Aluminum prices propped up by prospect of Chinese supply cut
Metal hovering 20% higher than in January; long-term outlook still hazy
TOKYO/HONG KONG -- Aluminum prices are hovering at high levels, with investors sensing that China is finally getting serious about cutting excess capacity in the sector.
The benchmark three-month aluminum futures on the London Metal Exchange closed at $1,923 on Thursday -- up 20% from the beginning of the year. Over the past three months, the price has held relatively steady at around $1,900.
China, which supplies more than half the world's aluminum, has long been accused by the U.S. and European countries of government-sanctioned dumping of the metal and other industrial materials. This is seen as a factor undermining global commodities prices.
But investors now see signs that Beijing -- motivated by its notorious air pollution and excess capacity problems -- is extending its commitment to supply-side reforms into the aluminum industry this year.
Local reports on the suspension of three mining projects in the western Xinjiang Uighur Autonomous Region, over violations of a production cut order in mid-April, appear to support that notion. The government has also ordered aluminum producers in 28 cities to slash output this winter.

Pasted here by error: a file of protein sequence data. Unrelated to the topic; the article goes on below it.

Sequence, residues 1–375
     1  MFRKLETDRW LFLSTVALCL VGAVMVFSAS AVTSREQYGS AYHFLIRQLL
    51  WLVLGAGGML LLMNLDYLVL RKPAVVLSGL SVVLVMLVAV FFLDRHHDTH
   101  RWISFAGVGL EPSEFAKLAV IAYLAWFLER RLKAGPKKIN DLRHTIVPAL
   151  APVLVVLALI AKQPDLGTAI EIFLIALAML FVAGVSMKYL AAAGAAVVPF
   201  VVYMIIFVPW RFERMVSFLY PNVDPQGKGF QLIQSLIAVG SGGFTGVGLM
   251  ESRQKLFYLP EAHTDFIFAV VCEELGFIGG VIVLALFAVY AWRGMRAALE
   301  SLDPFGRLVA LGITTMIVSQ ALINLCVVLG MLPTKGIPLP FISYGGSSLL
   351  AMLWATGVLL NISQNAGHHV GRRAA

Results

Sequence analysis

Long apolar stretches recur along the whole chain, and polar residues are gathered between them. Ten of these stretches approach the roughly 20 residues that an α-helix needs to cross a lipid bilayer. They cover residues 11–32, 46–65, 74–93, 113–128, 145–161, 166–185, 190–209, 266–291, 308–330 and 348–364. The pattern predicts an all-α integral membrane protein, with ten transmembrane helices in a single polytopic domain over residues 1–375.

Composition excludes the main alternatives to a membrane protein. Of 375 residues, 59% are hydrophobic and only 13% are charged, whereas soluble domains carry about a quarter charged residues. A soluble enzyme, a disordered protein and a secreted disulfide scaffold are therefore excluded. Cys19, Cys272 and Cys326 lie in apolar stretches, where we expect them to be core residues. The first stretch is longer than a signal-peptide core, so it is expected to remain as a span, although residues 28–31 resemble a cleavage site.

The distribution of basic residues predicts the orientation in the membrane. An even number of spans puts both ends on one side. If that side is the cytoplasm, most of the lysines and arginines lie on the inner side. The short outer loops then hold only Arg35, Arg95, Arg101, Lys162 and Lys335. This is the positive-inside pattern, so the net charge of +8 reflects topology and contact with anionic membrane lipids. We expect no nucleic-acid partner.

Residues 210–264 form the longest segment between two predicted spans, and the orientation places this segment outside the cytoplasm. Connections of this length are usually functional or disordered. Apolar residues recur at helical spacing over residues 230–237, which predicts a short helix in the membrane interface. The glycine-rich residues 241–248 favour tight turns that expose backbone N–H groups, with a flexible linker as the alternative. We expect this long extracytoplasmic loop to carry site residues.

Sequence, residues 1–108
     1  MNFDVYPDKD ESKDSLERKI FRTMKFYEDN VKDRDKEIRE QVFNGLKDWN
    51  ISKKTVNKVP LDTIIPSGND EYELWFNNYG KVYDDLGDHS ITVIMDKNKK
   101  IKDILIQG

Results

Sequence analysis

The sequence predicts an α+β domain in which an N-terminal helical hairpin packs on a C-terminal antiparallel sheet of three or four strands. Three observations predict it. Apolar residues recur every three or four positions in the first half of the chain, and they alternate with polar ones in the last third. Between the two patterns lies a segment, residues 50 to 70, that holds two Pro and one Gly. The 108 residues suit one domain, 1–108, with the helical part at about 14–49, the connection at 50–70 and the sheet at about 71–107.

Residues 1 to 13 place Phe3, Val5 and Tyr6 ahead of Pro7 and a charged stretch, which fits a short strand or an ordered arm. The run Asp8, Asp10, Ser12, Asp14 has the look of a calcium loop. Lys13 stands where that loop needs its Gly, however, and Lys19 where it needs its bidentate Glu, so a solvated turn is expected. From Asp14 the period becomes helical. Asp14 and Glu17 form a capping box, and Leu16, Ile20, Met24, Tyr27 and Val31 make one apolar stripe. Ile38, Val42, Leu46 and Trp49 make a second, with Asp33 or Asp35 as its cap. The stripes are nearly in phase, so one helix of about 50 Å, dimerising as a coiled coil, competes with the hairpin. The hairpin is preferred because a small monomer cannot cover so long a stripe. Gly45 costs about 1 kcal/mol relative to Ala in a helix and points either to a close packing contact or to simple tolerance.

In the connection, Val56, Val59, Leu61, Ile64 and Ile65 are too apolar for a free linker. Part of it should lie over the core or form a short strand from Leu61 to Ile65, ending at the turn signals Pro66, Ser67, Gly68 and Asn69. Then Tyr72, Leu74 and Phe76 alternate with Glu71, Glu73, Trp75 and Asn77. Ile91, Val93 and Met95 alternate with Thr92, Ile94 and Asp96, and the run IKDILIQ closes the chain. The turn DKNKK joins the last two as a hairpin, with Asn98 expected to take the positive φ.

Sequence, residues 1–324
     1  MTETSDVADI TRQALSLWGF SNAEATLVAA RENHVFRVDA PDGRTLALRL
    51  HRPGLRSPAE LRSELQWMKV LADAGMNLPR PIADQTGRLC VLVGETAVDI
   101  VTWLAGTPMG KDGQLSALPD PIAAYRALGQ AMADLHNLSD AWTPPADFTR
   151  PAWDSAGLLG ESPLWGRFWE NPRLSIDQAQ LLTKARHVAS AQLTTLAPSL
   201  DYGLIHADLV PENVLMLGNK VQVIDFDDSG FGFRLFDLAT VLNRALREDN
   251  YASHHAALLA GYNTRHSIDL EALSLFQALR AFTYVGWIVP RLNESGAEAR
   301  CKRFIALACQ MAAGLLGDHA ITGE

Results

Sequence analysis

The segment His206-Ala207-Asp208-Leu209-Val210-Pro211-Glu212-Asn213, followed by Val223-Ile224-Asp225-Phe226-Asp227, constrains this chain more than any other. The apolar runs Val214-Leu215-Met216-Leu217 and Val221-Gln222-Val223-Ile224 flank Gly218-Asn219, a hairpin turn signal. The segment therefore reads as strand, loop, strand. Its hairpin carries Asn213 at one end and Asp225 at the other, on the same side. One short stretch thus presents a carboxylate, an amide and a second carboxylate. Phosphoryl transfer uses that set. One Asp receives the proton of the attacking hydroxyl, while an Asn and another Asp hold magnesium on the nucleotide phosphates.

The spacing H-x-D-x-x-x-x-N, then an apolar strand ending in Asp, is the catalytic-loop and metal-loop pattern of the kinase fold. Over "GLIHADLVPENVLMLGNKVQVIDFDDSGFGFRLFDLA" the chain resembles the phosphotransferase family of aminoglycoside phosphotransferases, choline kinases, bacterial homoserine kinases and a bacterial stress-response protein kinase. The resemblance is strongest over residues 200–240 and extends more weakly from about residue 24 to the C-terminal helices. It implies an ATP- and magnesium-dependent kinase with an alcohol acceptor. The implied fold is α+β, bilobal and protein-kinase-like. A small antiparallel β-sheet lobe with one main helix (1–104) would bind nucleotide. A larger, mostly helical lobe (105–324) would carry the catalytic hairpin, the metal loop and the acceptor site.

These supply-tightening steps by China, coupled with demand trends, are supporting the higher prices. Demand for aluminum beverage cans is strong as the Northern Hemisphere heads into the summer. The auto industry is also gobbling up significant volumes.
Still, the long-term outlook for the global commodities market is anything but clear, due to uncertainty over the Chinese economy. "Given that China is the world's largest consumer of raw materials, this suggests weaker global demand for commodities, particularly industrial metals," noted Capital Economics.
"There is no real sense of direction in the [commodities] market," said John Johnson, CEO at CRU China, a London-based commodities consultancy.
Speaking at a conference hosted by Hong Kong Exchanges & Clearing, the LME's parent, earlier this month, Johnson said the aluminum market faces "huge risks" on both the downside and upside.
Yi Zhu, global head of metals and mining at Bloomberg Intelligence, was also at the conference. "We don't think that supply-side reform in the steel and aluminum sectors will be as easy as it was for the coal industry," she said, as these industries are less concentrated -- meaning the government cannot simply curb output by a few producers. She said private producers "could lobby local governments for certain regulatory approval" to maintain output.
Overcapacity, she said, could persist, with exports continuing "as long as overseas prices are higher."
Considering China's pivotal role, investors will be looking to the Communist Party's quinquennial congress this fall for clues on the market's future.
Nikkei staff writer Mariko Tai in Hong Kong contributed to this story.